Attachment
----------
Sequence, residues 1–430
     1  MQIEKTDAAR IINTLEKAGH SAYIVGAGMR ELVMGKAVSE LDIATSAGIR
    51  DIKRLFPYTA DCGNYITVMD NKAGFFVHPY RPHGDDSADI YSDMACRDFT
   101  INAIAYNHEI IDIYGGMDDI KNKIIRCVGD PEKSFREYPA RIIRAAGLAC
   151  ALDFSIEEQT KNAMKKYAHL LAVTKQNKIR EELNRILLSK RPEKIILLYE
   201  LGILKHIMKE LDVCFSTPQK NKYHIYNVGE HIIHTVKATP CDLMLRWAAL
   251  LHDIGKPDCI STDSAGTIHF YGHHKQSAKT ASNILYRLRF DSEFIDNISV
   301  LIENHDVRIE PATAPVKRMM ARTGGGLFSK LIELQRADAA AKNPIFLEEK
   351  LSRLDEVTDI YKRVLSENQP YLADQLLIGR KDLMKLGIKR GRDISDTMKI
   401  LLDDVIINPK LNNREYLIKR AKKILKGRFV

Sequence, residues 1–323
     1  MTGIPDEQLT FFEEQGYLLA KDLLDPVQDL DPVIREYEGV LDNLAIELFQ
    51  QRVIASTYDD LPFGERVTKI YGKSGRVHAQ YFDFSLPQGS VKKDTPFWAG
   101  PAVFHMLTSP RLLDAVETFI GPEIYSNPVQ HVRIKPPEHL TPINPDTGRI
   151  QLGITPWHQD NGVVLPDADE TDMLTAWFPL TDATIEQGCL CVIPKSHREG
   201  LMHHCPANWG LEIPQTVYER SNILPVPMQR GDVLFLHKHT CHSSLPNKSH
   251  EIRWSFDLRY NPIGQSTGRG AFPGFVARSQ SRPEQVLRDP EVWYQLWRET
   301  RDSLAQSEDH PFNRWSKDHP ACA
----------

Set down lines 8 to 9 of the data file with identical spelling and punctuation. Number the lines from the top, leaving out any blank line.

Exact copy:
   301  LIENHDVRIE PATAPVKRMM ARTGGGLFSK LIELQRADAA AKNPIFLEEK
   351  LSRLDEVTDI YKRVLSENQP YLADQLLIGR KDLMKLGIKR GRDISDTMKI